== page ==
The Jerome model is included in the econometric models component of the combined PollyVote. According to this model, Clinton will garner 54.1% of the two-party vote share in New Hampshire, whereas Trump will end up with 45.9%.
In New Hampshire, the election outcome is often decided by a narrow margin. This is the reason why the state is commonly referred to as a battleground state, which makes it particularly interesting from a forecasting perspective.
Putting the results in context
Individual econometric models often include substantial errors, and should be treated with caution. At least, one should examine how a econometric model's results compare to benchmark forecasts.
Results vs. other econometric models
Clinton can currently count on 52.3% of the major two-party vote according to an average of recent econometric models in New Hampshire. Compared to her numbers in the Jerome model Clinton's econometric model average is 1.8 percentage points worse.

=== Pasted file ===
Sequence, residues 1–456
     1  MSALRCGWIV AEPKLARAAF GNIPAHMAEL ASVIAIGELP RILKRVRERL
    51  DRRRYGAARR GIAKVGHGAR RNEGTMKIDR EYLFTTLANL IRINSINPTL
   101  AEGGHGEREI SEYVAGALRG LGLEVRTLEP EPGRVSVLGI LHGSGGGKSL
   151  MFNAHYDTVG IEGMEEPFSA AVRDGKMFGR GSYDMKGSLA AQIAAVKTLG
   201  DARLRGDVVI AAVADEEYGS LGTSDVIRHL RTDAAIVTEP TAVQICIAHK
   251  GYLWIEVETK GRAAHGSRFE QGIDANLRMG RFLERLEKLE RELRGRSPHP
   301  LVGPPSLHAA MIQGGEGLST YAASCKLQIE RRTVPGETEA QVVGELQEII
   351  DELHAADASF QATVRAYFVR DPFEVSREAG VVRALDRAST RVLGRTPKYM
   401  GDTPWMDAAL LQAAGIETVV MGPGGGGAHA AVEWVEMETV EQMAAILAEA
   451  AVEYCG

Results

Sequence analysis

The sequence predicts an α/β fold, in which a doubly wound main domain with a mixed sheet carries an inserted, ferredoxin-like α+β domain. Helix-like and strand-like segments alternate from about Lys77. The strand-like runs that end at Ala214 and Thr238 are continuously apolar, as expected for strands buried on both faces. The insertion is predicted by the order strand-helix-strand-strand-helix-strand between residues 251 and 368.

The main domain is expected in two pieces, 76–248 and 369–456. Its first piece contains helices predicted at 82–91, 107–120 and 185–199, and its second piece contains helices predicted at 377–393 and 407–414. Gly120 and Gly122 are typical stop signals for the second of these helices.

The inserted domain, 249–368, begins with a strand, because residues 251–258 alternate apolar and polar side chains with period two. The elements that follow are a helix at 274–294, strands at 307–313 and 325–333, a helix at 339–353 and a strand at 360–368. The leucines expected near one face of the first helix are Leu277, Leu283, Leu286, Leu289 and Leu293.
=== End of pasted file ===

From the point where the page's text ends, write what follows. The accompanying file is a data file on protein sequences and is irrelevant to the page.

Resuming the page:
Results compared to the combined PollyVote prediction
The results of the Jerome model for Clinton are thus 1.9 percentage points above the combined PollyVote, which at the moment predicts a value of 52.2% in New Hampshire. In comparison, a look at the PollyVote national prediction for Clinton shows that the actual results are 1.4 percentage points higher.